The Scion of Saffron House cleared his throat. "David Ling," he said. "Did you bring the proof required by House Law?"

David Ling smiled. He did it by moving only his lips. The rest of his face did not change.

"Yes," he said. "I did indeed."

He unstripped the satchel and carefully opened it. Although the Scions, forewarned, had expected what they would see, there was nevertheless a sound among them, a soft release of breath. Ahhhhh. Not quite shocked, not quite resigned. They stared into the open eyes of Arthur Ling Aubergine, and not one of them said a word.

David placed his hand lightly atop the dead Scion's head, ruffling the gray hair in a mockery of affection.

"I also have papers," he said, running his fingers through his brother's hair. "Death certificate and the like. If you need to see them."

Saffron cleared his throat.

" I don't suppose that will be necessary. That is, uh, not a replica, I presume --?"

"Of course not."

"Of course not," the Scion of House Saffron echoed, smiling a bright, brittle smile. The rest of the Scions were speechless. It had been generations since the Truce Table had seen such a literal interpretation of House Law.

David let the silence hang just a little bit longer. "Is it adequate?" he said at last.

There were hasty murmurs of assent along the Table.

Saffron looked at his fellow Scions with a sort of helpless anger, as if to say, Isn't anyone going to do anything? No one did, so it was up to him to face David Ling's sardonic green eyes, and say the traditional words:

"David Ling. Let it be known that your predecessor, Arthur Ling, is hereby stripped of all rank and function according to the Laws of Succession, and hitherto will be known by his previous name in all things. Let it also be known that the Truce Table recognizes David Ling, brother to the deceased, as the eleventh Scion of Aubergine, and his name shall be David Ling Aubergine until he dies, an equal among equals."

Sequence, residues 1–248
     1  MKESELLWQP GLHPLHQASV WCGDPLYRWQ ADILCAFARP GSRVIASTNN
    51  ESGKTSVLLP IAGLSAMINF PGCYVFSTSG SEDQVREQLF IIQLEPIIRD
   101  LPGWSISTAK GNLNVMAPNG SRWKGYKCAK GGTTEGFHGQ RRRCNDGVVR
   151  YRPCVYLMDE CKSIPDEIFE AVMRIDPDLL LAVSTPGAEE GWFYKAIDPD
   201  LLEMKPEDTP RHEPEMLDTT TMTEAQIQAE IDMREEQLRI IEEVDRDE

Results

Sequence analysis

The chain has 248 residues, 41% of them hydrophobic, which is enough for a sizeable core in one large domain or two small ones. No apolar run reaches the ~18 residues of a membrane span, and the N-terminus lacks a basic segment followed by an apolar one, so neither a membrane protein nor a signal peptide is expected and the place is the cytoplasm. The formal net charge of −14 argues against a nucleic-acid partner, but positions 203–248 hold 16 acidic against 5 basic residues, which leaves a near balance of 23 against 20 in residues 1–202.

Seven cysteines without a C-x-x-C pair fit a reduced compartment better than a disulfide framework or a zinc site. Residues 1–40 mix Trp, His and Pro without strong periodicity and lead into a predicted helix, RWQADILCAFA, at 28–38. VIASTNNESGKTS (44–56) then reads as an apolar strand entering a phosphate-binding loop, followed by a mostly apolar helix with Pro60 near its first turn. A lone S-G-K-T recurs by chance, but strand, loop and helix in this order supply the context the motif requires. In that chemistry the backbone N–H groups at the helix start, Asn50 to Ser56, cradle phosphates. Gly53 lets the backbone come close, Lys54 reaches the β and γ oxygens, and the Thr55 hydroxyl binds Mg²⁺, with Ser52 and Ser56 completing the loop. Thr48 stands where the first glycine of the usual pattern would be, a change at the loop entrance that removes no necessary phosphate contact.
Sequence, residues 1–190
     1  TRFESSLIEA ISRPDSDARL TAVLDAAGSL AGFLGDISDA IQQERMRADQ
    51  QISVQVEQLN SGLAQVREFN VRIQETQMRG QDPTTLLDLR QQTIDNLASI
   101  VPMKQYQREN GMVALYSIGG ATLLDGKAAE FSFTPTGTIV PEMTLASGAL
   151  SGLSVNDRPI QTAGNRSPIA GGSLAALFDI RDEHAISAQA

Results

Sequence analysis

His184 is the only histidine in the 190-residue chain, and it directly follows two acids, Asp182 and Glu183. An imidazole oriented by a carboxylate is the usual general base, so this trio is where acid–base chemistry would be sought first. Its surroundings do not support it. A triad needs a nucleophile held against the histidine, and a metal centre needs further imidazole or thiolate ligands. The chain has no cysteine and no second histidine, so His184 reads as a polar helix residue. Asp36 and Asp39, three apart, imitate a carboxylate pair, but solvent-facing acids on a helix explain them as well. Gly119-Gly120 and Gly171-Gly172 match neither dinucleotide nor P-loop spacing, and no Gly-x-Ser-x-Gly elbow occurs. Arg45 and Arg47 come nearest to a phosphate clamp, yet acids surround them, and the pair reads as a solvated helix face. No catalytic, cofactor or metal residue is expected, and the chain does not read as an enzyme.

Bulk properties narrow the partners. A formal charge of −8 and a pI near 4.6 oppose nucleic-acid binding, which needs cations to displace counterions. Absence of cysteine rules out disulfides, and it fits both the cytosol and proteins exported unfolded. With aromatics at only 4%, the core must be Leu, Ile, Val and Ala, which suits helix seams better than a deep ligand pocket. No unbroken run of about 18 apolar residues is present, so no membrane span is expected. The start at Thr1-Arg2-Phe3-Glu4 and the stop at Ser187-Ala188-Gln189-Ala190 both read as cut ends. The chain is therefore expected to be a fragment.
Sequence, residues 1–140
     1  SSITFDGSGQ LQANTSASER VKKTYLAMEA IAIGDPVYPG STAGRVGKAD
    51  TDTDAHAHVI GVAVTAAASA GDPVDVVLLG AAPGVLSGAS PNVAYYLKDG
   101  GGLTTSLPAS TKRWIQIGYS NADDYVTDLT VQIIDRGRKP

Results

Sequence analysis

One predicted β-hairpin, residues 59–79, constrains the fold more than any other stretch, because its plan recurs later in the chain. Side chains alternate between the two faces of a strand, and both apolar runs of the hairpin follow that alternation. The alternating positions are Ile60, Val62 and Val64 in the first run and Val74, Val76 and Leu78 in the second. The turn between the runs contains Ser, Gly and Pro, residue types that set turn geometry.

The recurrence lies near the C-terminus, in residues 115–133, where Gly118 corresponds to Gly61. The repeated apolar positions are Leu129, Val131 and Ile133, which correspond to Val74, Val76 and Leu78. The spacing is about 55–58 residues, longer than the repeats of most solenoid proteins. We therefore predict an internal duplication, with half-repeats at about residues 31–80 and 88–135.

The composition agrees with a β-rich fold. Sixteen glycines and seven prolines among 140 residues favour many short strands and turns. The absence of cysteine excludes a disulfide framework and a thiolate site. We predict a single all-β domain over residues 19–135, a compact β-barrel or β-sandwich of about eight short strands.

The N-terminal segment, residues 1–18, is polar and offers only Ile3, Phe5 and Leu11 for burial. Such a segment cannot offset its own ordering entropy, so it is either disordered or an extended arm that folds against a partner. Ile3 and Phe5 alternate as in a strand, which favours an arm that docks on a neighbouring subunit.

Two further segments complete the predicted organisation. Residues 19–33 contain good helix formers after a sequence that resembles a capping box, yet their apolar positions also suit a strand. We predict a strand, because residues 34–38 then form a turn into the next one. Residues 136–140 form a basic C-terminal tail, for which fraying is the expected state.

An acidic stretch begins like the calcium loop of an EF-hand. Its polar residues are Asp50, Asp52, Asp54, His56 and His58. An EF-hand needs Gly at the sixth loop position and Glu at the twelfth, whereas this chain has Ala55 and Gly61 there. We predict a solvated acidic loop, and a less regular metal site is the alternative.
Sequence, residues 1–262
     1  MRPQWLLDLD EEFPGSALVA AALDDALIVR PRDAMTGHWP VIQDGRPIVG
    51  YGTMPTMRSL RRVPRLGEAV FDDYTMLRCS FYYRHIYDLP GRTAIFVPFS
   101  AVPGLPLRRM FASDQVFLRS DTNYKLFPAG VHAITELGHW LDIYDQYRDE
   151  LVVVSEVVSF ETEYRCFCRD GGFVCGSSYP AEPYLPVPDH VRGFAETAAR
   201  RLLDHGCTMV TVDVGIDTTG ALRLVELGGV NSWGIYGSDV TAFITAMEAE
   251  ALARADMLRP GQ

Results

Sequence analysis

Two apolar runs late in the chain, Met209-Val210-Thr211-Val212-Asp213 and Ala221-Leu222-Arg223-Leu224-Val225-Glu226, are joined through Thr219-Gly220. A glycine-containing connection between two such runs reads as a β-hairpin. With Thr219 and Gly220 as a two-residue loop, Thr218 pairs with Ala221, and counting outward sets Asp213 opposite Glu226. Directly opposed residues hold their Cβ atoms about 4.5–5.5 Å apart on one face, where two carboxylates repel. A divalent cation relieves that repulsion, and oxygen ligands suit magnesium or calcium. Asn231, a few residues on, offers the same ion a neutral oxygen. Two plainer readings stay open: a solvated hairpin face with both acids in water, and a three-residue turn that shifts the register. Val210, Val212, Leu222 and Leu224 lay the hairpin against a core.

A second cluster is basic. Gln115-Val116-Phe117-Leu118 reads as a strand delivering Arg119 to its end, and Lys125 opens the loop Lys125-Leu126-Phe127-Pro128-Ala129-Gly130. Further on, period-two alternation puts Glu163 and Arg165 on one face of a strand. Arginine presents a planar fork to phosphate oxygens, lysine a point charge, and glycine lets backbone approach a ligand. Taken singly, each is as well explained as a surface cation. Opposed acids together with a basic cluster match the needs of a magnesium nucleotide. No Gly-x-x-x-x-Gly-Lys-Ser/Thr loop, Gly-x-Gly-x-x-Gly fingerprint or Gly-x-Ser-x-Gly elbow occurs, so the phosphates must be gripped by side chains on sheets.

David Ling Aubergine smiled at them. It wasn't any more pleasant than the first time around.

"Thank you, honored brothers and sister." He sealed up the bag.

"Further business?" Saffron inquired.

There were no replies. He looked up at the ceiling. "Meeting adjourned, by the authority of Saffron speaking as the voice of Anubis."

The bright lights flickered and dimmed as the ceremonial words brought the meeting to a close. The fifteen other people sitting at the table with David Aubergine, formerly David Ling, flickered and vanished along with it. He was left alone at the replica Truce Table in the council chamber in the innermost parts of Aubergine's home complex.

David drew a deep breath and released it. Though he had expected the outcome -- he had, after all, fulfilled every requirement of succession in the most thorough manner possible -- it was always difficult to fathom the minds of the Scions. The fifteen other rulers of the world Anubis were all shrewd, savvy and smart, but they were also, to a man or woman, somewhat insane.

I, fortunately, am not, David thought, with a tight smile. He opened the satchel so that he could stroke his dead brother's hair.